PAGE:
·         Senator Barbara Mikulski, D-MD, Chair, Appropriations Committee

·         Senator Carl Levin, D-MI, Chairman, Armed Services Committee

·         Senator Robert Menendez, D-NJ, Chairman, Foreign Relations Committee

·         Senator Dianne Feinstein, D-CA, Chair, Select Committee on Intelligence

·         Senator James Inhofe, R-OK, Ranking Member, Armed Services Committee

·         Senator Bob Corker, R-TN, Ranking Member, Foreign Relations Committee

·         Senator Saxby Chambliss, R-GA, Ranking Member, Select Committee on Intelligence

·         Senator Patrick Leahy, D-VT, Chairman, Appropriations Subcommittee on State, Foreign Operations, and Related Programs

·         Senator Lindsey Graham, R-SC, Ranking Member, Appropriations Subcommittee on State, Foreign Operations, and Related Programs

·         Senator Thad Cochran, R-MS, Ranking Member, Appropriations Subcommittee on Defense

·         Representative Bill Young, R-FL, Chairman, Appropriations Subcommittee on Defense

·         Representative Ed Royce, R-CA, Chairman, Foreign Affairs Committee

·         Representative Mike Rogers, R-MI, Chairman, Permanent Select Committee on Intelligence

·         Representative Nita Lowey, D-NY, Ranking Member Appropriations Committee and Ranking Member, Appropriations Subcommittee on State, Foreign Operations, and Related Programs

·         Representative Buck McKeon, R-CA, Chairman, Armed Services Committee

·         Representative Eliot Engel, D-NY, Ranking Member, Foreign Affairs Committee

·         Representative Dutch Ruppersberger, D-MD, Ranking Member, Permanent Select Committee on Intelligence

·         Representative Kay Granger, R-TX, Chair, Appropriations Subcommittee on State, Foreign Operations, and Related Programs

House Minority Leader Nancy Pelosi (D-CA) released a statement late Thursday following a conference call briefing between Congressional leaders and the Obama administration that expressed her support for potential "measured, targeted and limited" military action in Syria.

"What Assad has done is outside the realm of basic human rights. On this evening’s call, I expressed my appreciation for the measured, targeted and limited approach the President may be considering," Pelosi said in the written statement.

Pelosi also said in the statement that those members of Congress on the call were "assured during the call there would be ongoing consultation with Congress."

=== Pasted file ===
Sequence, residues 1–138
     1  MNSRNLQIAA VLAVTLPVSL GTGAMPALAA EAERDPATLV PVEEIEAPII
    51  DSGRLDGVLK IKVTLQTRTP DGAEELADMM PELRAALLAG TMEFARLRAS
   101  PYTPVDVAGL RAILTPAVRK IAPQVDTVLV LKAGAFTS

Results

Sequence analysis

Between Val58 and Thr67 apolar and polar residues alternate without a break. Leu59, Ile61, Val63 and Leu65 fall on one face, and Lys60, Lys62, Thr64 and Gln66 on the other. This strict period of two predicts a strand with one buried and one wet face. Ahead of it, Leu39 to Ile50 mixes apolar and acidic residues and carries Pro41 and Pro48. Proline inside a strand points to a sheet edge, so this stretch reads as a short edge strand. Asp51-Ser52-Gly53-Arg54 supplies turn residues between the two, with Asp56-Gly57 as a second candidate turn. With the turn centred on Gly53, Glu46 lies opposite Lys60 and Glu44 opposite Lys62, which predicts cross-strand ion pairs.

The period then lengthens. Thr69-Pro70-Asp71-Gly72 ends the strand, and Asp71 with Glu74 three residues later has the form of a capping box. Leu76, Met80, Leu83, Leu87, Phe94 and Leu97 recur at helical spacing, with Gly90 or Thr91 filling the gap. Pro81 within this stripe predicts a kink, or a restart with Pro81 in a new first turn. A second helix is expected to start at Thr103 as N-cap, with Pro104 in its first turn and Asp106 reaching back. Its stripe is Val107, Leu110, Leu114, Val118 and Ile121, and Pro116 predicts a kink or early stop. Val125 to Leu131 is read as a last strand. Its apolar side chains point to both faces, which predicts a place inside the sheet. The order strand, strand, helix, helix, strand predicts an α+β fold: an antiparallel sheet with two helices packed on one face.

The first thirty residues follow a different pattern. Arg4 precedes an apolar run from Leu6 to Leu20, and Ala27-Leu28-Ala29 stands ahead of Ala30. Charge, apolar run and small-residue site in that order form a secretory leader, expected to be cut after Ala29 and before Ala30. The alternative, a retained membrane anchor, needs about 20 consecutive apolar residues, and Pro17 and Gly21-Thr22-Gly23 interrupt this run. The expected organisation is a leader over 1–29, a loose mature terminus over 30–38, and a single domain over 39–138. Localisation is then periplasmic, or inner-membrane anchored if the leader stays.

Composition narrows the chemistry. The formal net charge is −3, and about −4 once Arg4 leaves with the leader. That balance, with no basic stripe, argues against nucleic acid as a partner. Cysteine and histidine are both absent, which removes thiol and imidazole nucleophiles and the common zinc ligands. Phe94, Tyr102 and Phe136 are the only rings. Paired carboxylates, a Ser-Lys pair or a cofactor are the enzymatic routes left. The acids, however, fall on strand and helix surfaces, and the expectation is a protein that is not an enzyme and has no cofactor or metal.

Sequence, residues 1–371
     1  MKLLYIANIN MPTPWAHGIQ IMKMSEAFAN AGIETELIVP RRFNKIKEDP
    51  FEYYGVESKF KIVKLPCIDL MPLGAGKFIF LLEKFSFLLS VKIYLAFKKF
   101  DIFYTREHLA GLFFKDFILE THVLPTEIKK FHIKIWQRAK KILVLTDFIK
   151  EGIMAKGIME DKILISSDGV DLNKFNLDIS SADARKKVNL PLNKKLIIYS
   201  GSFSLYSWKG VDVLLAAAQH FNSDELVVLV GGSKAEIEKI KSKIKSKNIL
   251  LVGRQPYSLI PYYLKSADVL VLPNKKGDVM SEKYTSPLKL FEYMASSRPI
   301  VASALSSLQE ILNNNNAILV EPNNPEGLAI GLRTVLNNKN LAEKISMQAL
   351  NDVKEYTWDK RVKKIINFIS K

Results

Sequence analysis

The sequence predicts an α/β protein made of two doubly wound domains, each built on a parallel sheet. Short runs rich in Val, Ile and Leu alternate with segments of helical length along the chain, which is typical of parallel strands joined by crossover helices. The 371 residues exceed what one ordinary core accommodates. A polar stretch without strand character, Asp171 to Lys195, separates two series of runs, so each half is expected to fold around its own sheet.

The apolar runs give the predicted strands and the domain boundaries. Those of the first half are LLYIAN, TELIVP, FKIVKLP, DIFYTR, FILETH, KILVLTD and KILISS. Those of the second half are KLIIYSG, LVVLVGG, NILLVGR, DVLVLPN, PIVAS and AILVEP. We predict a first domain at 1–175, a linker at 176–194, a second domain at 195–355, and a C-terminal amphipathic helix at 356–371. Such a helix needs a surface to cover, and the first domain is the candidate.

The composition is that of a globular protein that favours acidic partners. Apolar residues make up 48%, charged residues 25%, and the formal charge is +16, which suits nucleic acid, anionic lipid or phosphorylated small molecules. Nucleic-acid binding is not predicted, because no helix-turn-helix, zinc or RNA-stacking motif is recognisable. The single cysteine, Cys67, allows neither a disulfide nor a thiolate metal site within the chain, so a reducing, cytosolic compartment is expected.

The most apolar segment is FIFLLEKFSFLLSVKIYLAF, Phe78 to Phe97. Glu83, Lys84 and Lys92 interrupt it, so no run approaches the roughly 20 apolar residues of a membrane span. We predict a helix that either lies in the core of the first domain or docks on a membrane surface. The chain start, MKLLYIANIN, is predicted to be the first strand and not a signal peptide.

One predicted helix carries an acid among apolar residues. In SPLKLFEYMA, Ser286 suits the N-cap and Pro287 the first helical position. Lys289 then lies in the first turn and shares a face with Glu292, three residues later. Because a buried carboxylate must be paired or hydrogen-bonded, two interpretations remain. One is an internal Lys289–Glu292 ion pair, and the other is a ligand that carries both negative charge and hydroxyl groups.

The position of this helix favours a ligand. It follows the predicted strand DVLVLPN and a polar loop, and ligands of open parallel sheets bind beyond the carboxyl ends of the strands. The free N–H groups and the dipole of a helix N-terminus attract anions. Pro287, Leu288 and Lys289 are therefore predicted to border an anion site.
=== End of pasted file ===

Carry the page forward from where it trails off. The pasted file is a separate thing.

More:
"On the call, I agreed with Speaker Boehner and other Members who stated that there needs to be more consultation with all Members of Congress and additional transparency into the decision making process and timing, and that the case needs to be made to the American people," she added.

A source connected to the 50th anniversary of the March on Washington said Sen. Tim Scott (R-SC), the only sitting black senator, was not invited to speak at the event because his office had declined an invitation to attend the commemoration as a spectator, Roll Call reported.

An email exchange obtained by Roll Call showed that an invitation to the 50th anniversary commemoration appeared to be sent to all members of Congress, as the form letter identified the recipient as "Representative" rather than by name. 

The exchange showed that a staff assistant to Scott, Rachel Shelbourne, sent a reply to the invitation that read in part, "Unfortunately, the Senator will be in South Carolina during this time, so he will be unable to attend the event. Please do, however, keep him in mind for future events you may be hosting," as quoted by Roll Call.

The source explained to Roll Call that the speaking program was largely drafted according to who was able to confirm availability to attend the event.

House Speaker John Boehner (R-OH) and House Majority Leader Eric Cantor (R-VA) reportedly were invited to speak at the ceremony, but declined.

Colorado Attorney General John W. Suthers (R) reacted Thursday to the Department of Justice's announcement it would not sue the state over its marijuana legalization law, saying he was "mystified" that it "took so long" for the department to articulate the position.